By Katie Demeria
WOODSTOCK -- Health educators and fire and rescue officials want the public to understand one important fact about CPR: it saves lives.
Shenandoah Memorial Hospital nurse educator Robin Tusing and Valley Health's CPR educator Kim Campbell are working to help more in the local community understand that.
"Every minute that goes by without CPR after a cardiac arrest decreases the rate of survival by 7 to 10 percent," Campbell said.
In recent years, both Campbell and Tusing have seen a decrease in the number of individuals in the community participating in the hospitals' free CPR classes.
"There's no rhyme or reason to it," Tusing said.
They pointed out that the more people trained to perform CPR, the higher the survival rate within a community.
According to the American Heart Association, 355,000 "out of hospital sudden cardiac arrests occur annually." Eighty percent of those take place at home.
And only 10 percent of those who suffer cardiac arrests outside of the hospital survive.
"It's proven that [CPR] works," Campbell said. "Airports and casinos have 60 and 80 percent survival rates because they train everyone who works there to do CPR, and they have cameras to see immediately when someone has collapsed."
Seattle, she continued, has the highest survival rate in the country because it has such a robust training program, encouraging all of its citizens to be trained. She added that she and Tusing are hoping to do the same in the Northern Shenandoah Valley.
Shenandoah County Fire and Rescue Services Training Officer Bill Streett said the department is planning to offer community training courses within the next month to continue encouraging locals to learn CPR.
Even if fire and rescue crews are able to get to the scene in only a few minutes, Campbell pointed out, the chance of survival still decreases in that time.
"If we can train bystanders to get them to initiate [CPR] before we arrive, and particularly if they have the abilities to put an AED on the patient, that makes the outcome that much better for the patient," Streett said.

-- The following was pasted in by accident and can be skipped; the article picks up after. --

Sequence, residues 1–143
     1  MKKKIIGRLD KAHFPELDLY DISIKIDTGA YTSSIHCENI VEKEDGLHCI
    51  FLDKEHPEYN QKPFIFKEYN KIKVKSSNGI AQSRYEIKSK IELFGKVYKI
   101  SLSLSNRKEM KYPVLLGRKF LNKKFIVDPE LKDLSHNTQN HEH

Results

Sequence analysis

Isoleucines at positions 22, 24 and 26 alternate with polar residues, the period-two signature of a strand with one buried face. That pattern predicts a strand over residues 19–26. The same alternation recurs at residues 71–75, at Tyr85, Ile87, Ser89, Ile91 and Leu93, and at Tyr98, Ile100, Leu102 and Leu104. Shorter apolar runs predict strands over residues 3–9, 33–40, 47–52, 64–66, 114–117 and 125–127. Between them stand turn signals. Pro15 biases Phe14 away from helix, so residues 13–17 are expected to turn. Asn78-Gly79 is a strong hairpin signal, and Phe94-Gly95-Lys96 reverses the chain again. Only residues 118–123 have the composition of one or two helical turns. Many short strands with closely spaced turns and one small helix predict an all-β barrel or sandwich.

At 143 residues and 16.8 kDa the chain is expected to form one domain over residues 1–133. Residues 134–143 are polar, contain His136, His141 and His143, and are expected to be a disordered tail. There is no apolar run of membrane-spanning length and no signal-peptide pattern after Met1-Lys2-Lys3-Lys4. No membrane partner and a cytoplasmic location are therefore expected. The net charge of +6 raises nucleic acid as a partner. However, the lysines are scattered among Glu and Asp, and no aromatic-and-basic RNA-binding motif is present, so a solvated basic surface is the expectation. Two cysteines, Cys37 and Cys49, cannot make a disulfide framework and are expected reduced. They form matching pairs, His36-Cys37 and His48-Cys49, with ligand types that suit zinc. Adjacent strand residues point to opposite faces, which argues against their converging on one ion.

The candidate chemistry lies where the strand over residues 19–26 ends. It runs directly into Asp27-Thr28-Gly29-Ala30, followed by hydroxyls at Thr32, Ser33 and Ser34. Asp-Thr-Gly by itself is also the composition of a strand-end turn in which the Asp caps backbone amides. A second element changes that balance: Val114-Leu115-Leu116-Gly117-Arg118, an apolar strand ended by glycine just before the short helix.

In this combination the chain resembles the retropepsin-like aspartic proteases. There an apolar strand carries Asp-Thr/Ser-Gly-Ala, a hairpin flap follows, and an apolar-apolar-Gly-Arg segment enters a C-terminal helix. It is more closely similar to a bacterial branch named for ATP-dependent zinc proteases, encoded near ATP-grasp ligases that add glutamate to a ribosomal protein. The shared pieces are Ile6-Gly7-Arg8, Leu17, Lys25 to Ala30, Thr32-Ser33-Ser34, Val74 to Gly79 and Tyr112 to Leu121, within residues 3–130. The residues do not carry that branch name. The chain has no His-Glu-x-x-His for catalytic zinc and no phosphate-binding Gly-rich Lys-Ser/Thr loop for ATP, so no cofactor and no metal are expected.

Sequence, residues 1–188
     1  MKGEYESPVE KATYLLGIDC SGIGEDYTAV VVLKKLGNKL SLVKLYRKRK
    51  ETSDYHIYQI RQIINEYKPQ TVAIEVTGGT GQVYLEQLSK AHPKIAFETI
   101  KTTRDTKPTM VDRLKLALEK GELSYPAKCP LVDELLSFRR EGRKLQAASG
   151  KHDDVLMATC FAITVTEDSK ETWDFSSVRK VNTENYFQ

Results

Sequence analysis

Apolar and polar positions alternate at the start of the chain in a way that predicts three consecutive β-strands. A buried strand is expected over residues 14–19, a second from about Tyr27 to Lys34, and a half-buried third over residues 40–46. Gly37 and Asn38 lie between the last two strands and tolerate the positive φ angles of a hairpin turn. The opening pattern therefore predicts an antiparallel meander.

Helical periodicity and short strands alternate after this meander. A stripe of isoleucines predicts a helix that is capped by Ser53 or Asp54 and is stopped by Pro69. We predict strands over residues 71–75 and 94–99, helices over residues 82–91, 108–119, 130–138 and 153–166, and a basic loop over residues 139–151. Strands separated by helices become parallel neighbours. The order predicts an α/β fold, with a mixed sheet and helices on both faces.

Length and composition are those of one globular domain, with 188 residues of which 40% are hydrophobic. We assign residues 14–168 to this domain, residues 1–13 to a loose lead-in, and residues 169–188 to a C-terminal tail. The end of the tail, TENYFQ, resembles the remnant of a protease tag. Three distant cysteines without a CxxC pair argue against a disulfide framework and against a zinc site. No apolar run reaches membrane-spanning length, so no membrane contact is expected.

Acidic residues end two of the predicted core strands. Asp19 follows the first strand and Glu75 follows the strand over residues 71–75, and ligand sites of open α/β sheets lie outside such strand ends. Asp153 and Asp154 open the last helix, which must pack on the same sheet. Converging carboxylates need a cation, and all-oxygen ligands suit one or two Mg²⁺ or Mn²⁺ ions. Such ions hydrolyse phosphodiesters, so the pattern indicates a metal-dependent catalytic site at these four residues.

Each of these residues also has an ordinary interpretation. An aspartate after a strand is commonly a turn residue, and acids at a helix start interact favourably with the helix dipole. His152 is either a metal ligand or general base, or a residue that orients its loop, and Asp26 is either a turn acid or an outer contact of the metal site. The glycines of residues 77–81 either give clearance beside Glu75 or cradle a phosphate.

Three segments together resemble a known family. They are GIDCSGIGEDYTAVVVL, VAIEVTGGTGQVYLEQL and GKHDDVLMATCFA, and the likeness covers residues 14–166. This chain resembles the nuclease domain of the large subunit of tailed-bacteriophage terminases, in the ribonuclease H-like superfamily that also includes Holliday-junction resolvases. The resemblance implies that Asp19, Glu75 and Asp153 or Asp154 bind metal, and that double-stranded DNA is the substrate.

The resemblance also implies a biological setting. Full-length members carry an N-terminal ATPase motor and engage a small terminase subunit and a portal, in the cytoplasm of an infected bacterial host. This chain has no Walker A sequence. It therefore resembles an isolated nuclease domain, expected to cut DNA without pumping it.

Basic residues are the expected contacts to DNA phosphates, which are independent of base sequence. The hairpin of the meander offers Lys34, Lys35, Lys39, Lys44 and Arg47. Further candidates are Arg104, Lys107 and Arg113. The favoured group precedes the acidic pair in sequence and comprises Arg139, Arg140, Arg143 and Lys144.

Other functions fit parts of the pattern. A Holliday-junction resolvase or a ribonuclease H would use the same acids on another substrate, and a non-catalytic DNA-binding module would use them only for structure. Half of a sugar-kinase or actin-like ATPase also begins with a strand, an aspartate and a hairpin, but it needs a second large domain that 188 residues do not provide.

Automated external defibrillators are used to send a shock to the patient's heart in the hope that it will start beating on its own. It is used in conjunction with compressions.
Streett said he has worked with six churches so far this year that were interested in training their staff to learn CPR and use AEDs effectively.
Campbell and Tusing said that sort of community effort is exactly what will save the most lives. But even individuals should still be trained, they said, because most cardiac arrests occur at home.
"It's very sad, when we see people come in who just didn't know how to help a family member," Campbell said.
She also said she encourages community members to refresh their CPR knowledge every five years.
Streett said recertification takes place every two years, and his staff usually has a refresher course in the off year.
"The world of CPR is constantly evolving," he said. "Studies are consistently being done to assess the effectiveness in how we're doing CPR and how to increase survivability."
Campbell said, though certification is not necessary for every community member, the American Heart Association updates its CPR standards every five year -- she suggests locals refresh their knowledge and take another community course in that same timeframe, as well.
Campbell and Tusing will be offering community classes, which take about one hour, starting in June. Call 540-536-2254 for more information.
Contact staff writer Katie Demeria at 540-465-5137 ext. 155, or firstname.lastname@example.org